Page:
and transfer function concepts developed in preceding chapters. Then we develop methods for reducing
complicated block diagrams to manageable forms so that they may be used to predict the overall
performance of a system.
Summing
Point
Block
71 y
Block
Description
Takeoff
Point
Fig. 71
Capital letters in this chapter are used for Laplace transforma, or ztransforms. The argument s or z
is often suppressed, to simplify the notation, if the context is clear, or if the results presented are the
same for both Laplace (continuoustime system) and z(discretetime system)transfer function domains.
EXAMPLE 7.2.
R = R(s) or R = R(z).
The basic feedback control system configuration presented in Chapter 2 is reproduced in Fig. 72,
with all quantities in abbreviated transform notation.
154
156
[CHAP. 7
Fig. 75
Definition 7.1:
Definition 7.2:
Definition 7.3:
Definition 7.4:
Definition 7.5:
Definition 7.6:
B/R =
 primary feedback ratio
In the following equations, the sign refers to a positivo feedback system, and the + sign refers to
a negative feedback system:
C
G
(7.3)
1 + GH
E
1
(7.4)
R 1 + GH
B
GH
(7.5)
1+ GH
P
71
156
[CHAP. 7
Fig. 75
Definition 7.1:
Definition 7.2:
Definition 7.3:
Definition 7.4:
Definition 7.5:
Definition 7.6:
In the following equations, the sign refers to a positivo ieedback system, and the + sign refers to
a negative feedback system:
C
G
( 7.3)
1+GH
1
( 7.4 )
R 1 + GH
B GH
( 7.5 )
R 1 + GH
0
/ 77
CHAP. 7]
Block Diagram
Combining Blocks
in Cascade
Y = (P1P2)X
Y
X
 Pi , p, ...
Combining Blocks
in Parallel; or
Eliminating a
Y = P1 X  P2X
Pi
Y = Pi,/ P2 X
Eliminating a
Feedback Loop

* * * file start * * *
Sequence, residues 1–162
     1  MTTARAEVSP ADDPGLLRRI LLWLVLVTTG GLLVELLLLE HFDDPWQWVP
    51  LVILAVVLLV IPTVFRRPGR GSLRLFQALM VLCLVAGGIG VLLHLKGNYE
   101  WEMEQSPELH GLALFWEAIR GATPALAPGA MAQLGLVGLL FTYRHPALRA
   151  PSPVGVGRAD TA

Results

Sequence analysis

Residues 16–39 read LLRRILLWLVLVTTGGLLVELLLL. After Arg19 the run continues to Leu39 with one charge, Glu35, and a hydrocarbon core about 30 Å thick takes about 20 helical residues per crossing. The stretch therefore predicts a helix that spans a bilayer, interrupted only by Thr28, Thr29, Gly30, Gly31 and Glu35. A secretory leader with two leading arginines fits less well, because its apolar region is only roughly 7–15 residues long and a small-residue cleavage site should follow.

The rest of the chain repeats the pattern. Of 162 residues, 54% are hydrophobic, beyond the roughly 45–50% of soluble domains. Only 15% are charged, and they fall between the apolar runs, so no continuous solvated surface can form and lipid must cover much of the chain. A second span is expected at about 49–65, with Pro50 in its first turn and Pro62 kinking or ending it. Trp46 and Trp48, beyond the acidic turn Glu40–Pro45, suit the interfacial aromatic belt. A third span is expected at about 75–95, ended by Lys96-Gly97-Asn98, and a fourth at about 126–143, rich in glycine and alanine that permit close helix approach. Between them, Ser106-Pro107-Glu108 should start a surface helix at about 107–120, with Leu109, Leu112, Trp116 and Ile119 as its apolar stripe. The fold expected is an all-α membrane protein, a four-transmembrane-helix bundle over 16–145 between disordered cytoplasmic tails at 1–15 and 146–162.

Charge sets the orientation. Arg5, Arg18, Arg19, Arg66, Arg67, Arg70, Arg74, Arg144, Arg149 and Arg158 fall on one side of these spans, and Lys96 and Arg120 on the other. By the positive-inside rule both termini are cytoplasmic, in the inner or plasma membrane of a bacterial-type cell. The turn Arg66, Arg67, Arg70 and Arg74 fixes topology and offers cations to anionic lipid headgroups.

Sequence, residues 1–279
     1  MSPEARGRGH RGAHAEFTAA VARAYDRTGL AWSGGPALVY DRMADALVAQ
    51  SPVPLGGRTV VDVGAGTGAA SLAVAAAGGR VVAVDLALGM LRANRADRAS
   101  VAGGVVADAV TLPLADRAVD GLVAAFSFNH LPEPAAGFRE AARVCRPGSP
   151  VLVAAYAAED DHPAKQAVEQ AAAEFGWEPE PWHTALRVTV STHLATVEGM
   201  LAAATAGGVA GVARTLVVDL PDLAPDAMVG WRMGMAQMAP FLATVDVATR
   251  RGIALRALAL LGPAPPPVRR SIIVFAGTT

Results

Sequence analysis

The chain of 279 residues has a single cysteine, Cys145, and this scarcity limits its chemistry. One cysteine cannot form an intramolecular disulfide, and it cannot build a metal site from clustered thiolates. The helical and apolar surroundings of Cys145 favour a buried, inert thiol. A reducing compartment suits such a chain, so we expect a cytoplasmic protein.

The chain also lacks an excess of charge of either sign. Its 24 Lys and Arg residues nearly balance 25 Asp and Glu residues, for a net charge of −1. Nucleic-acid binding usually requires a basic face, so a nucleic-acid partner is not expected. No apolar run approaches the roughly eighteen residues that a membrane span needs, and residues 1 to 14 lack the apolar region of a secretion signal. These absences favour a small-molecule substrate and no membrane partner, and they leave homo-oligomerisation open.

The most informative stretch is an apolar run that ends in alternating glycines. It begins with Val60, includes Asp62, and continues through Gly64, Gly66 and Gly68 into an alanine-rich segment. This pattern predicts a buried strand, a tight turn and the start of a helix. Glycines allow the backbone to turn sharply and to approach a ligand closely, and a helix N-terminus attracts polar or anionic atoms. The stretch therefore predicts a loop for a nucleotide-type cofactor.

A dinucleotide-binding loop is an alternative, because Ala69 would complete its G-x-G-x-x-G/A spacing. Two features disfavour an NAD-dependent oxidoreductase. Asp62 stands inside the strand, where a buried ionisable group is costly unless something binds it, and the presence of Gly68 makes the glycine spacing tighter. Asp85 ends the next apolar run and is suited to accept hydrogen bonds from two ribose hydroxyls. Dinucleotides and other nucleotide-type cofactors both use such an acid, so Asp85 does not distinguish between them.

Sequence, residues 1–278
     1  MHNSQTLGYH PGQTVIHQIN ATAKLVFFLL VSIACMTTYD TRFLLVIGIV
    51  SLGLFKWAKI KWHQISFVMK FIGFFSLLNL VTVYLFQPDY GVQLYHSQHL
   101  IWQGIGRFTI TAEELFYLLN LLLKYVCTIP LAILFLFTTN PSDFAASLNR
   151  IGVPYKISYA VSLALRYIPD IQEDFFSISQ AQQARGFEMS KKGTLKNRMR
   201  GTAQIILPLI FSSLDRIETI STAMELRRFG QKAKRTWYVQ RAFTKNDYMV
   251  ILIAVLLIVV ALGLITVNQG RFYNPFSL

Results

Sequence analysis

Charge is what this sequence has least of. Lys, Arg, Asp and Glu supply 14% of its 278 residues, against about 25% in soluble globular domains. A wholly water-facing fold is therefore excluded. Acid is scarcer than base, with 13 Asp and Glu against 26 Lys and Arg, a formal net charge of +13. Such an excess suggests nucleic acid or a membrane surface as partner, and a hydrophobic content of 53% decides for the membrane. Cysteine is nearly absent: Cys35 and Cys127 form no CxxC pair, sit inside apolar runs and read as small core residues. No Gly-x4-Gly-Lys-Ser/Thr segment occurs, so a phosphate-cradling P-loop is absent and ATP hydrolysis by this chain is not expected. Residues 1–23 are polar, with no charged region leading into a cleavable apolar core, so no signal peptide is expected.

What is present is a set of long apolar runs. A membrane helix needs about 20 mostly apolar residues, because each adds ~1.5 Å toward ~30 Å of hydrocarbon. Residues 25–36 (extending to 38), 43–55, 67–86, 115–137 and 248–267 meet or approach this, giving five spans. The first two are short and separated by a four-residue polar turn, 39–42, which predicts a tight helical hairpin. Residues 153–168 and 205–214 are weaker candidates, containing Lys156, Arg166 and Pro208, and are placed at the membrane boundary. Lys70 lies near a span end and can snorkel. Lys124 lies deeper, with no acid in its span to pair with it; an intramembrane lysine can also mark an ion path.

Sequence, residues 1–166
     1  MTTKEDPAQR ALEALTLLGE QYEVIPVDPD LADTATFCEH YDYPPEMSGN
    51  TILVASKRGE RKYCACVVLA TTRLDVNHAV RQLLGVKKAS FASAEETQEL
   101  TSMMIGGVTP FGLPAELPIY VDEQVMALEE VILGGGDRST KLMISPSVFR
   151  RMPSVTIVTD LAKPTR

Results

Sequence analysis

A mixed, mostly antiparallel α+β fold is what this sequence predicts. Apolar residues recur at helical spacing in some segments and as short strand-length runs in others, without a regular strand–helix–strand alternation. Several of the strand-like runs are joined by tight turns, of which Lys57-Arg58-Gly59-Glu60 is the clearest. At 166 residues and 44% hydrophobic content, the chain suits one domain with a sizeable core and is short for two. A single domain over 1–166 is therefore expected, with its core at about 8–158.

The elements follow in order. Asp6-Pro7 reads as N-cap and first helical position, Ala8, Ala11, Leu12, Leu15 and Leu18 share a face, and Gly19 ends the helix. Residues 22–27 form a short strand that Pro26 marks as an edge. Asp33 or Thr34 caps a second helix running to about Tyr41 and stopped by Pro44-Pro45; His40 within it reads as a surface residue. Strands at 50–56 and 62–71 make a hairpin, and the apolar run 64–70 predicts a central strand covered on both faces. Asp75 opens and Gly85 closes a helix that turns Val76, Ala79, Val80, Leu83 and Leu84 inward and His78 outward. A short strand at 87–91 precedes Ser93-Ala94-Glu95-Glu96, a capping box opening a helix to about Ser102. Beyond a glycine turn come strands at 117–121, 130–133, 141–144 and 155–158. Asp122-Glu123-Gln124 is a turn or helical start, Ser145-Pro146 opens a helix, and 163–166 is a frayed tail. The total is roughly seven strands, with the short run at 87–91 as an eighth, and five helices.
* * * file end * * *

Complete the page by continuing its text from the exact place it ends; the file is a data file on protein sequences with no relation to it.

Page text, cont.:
Y = Pi(X T P2 Y)
Rearranging
P2
1,f: PiPz
Y = Pi (X =I P2 Y)
PiP,
P2
P2
W+
Z = TVIt X Y
Z = W XY
_x
.
Pi
X +
W+
6b
Pi
2
P2
W
Rearranging
Summing Points
p,
,
X
Removing a Block
from a Forward
Path
Removing a Block
from a Feedback
Loop
, PiP2
Forward Loop
Equivalent Block
Diagram
Equation
Transformation
157
Pi
Removing a Block
from a Forward
Path
6a
61)
P2
Y = P1 X  P2X
Eliminating a
Feedback Loop
'
P1(X 7 P2 Y)
1.
Pi
X +
1 . P1P2
p2
Removing a Block
from a Feedback Y = P1 (X T P2 Y)
Loop
Rearranging
Summing Points
W+
41
w+
lo
III
.
w +
el
II
= W:1 XY
Y
X
Z
PX =L Y
..
x +
Moving a Summing
Point Beyond a
Block
PiP2
PZ
Rearranging
Summing Points
Moving a Summing
Point Ahead of a
Block
P2
Z = P[X  Y]
Fig. 76
II
158
Equation
Transformation
Equivalent Block
Diagram
Block Diagram
Moving a Takeoff
Point Ahead of a
Block
Moving a Takeoff
Point Beyond a
Block
Point Ahead of a
Summing Point
12
Moving a Takeoff
Point Beyond a
Summing Point
Y
e.
Y = PX
ii
Moving a Takeoff
11
Y = PX
10
[CHAP. 7
Z= X Y
Z= X
4

Fig. 7 6

Continued
EXAMPLE 7.6.
A unity feedback system is one in which the primary feedback b is identically equal
to the controlled output c.
H = 1 for a linear, unity feedback system (Fig. 77).
CHAP. 7]
The characteristic equation for the unity feedback system, determined from 1 + G = O, is
DG + NG = O
159
(7.7)
Step 1:
Step 2:
Step 3:
Step 4:
Step 5:
We reemphasize here that the aboye superposition process is dependent on the system being linear.
EXAMPLE 7.8.
U
R +
Fig. 79
Step 1:
Step 2:
Put U = O.
The system reduces to
G1G2
Step 3:
C = CR + Cu =
1 + GiG2
IR + 1
1 + G392
1U I
1 + GiG2
1[Gi R + U]
The block diagram of a practical feedback control system is often quite complicated. It may include
several feedback or feedforward loops, and multiple inputs. By means of systematic block diagram
reduction, every multiple loop linear feedback system may be reduced to canonical form. The
techniques developed in the preceding paragraphs provide the necessary tools.
The following general steps may be used as a basic approach in the reduction of complicated block
diagrams. Each step refers to specific transformations listed in Fig. 76.
Step I:
Step 2:
Step 3:
Step 4:
Fig. 710
Step 1:
CHAP. 7]
169
R2
Fig. 732
First put the block diagram in the form of Fig. 733, ignoring the output C2.
c1
G3G4
R2
Fig. 733
Letting R2= O and combining the summing points, we get Fig. 734.
eGil
0.1
1
s+1
Fig. 741
Applying Transformations 1 and 6b, we get Fig. 742.
Fig. 742
Now we can apply Transformation 2 to the feedback loops, resulting in the final form given in
Fig. 743.
1
s+1
Fig. 743
7.20. Reduce the block diagram given in Fig. 744 to openloop form.
Fig. 744
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